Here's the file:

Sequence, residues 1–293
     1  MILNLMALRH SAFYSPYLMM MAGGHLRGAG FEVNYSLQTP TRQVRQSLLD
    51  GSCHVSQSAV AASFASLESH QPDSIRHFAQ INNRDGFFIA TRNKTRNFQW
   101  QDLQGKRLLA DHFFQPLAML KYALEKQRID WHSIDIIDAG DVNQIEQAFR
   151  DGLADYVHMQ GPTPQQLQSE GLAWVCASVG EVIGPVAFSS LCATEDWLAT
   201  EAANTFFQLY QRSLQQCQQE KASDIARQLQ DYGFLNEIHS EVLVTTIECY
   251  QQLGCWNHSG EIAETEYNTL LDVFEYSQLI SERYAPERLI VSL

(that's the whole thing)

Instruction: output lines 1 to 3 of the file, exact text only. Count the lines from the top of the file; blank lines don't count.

Sequence, residues 1–293
     1  MILNLMALRH SAFYSPYLMM MAGGHLRGAG FEVNYSLQTP TRQVRQSLLD
    51  GSCHVSQSAV AASFASLESH QPDSIRHFAQ INNRDGFFIA TRNKTRNFQW